— concluded authors of the study

All images credit except featured: Masahiro Kawasaki et al.

Reference: Masahiro Kawasaki, Kai Murai, Hiromasa Nakatsuka, “Strong clustering of primordial black holes from Affleck-Dine mechanism”, Arxiv, pp. 1-18, 2021. e-Print: ArXiv: 2107.03580

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Scientists Develop A New Geometry For A Neutron Source Platform For NIF (Physics)

The National Ignition Facility (NIF) at Lawrence Livermore National Laboratory (LLNL) has added a new tool to its growing list of capabilities.

A team of scientists has demonstrated a new geometry for a neutron source platform for NIF, called the inverted-corona platform, which does not rely on spherically symmetric laser irradiation.

This new tool has significantly less-stringent laser-symmetry requirements than conventional laser driven neutron sources on NIF. In this technique, laser energy is used to heat the inner surface of a millimeter-scale capsule. The wall material expands and launches a centrally stagnating shock into the gas fill to heat the gas to fusion conditions.

“This platform has relevance to applications in effects testing or forensics,” said Matthias Hohenberger, LLNL staff scientist. “We have an experiment scheduled in 2022 for exploring applications as a neutron backlighter, and as a neutron source for nuclear-cross-section measurements with sample materials attached to the outside of the capsule.”

Hohenberger said there are other potential applications in basic science, and is one-of-a-kind in its geometry flexibility. “It also represents a challenging problem to simulate because of the relatively low plasma density,” he said. “So we’re using it to test mix models in state-of-the-art simulation codes, and to train junior scientists.”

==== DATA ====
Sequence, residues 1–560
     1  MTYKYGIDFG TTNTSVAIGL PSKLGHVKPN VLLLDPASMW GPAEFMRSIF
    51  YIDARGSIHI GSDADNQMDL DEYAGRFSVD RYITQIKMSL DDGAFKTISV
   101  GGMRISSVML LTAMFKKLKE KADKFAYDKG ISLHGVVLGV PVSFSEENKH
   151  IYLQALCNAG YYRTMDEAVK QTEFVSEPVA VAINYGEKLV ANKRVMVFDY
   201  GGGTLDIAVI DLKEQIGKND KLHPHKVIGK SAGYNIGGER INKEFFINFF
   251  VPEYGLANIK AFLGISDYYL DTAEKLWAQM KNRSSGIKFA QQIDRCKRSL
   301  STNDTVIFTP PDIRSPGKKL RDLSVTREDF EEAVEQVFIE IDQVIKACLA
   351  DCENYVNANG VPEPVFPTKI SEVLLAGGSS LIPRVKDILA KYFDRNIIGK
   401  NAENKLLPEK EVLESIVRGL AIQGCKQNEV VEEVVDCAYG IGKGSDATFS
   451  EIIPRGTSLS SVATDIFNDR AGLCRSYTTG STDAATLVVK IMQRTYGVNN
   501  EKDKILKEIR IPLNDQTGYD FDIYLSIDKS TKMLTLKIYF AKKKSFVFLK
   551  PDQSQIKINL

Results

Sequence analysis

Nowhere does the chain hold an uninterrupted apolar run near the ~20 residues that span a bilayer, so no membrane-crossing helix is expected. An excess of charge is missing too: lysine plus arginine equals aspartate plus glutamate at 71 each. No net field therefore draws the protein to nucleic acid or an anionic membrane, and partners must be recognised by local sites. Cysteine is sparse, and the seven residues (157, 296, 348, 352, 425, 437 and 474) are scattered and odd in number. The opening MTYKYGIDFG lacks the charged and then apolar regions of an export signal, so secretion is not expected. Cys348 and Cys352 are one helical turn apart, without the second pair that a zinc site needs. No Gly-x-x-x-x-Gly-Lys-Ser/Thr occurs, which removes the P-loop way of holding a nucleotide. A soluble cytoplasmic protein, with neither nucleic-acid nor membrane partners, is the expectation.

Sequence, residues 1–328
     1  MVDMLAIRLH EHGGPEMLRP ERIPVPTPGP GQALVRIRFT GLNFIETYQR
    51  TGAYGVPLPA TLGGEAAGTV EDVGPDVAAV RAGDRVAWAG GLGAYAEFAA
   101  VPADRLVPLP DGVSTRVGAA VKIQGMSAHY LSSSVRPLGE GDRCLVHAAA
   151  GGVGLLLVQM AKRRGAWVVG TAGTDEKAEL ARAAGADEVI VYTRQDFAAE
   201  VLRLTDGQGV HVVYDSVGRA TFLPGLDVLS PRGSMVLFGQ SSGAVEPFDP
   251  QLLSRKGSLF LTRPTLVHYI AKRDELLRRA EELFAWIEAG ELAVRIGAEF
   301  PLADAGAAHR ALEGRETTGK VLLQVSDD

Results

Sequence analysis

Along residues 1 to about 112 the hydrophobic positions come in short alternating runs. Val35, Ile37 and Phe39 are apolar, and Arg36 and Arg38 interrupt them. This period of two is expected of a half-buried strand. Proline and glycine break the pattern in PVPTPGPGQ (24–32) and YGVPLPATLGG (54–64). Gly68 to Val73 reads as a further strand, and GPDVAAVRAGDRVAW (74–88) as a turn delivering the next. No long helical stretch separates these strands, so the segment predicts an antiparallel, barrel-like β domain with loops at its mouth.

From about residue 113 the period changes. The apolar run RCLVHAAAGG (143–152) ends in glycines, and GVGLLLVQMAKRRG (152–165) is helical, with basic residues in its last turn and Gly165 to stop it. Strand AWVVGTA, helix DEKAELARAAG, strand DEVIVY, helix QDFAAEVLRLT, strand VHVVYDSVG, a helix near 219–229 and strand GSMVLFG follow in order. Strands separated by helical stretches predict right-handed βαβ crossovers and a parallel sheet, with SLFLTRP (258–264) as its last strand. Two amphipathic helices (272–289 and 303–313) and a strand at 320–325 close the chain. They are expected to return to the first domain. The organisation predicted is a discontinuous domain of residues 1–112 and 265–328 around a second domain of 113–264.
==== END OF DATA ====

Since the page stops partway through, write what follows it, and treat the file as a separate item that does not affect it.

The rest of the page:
The work, highlighted in a paper in Review of Scientific Instruments, presents a novel neutron-source platform for NIF. Typically, NIF neutron platforms are based on the spherical compression of a capsule filled with deuterium and tritium (DT) fuel, thus achieving the pressures and temperatures necessary for the DT to undergo fusion reactions. This is achieved using either indirect-drive intertial confinement fusion (ICF) platforms or directly-driven exploding pushers. In these platforms, the incident laser results in a pushing action from the outside of the capsule, accelerating the capsule wall inwards — either from the X-rays generated in the hohlraum, or from the laser incident on the capsule itself. That means performance is highly sensitive to drive asymmetries, as they result in an uneven push of the wall, and eventual mixing of fuel and wall material into the hot spot, said Hohenberger, who is the lead author of the paper.

“This can, and does, affect fusion performance,” he said. “It also means that the wall composition must be controlled tightly. Even small impurities in the wall, thickness variations or even surface roughness will affect the performance and neutron yield.”

Pointing lasers onto the inside of capsule wall

Hohenberger said in this new scheme, which was tested on the OMEGA laser and the NIF, the laser beams are pointed through laser entrance holes onto the inside wall of a ~5-millimeter diameter, gas-filled (D2 or DT) capsule. This causes the wall material to ablate inwards, which then launches a converging shock wave into the gas fill. The shock stagnates on center and heats the gas fill to fusion conditions (similarly to an exploding pusher). However, because the laser beams are incident onto the inside wall, the capsule wall itself is pushed outwards and away from the center, and the fusion performance is dominated by the ablatively-driven shock.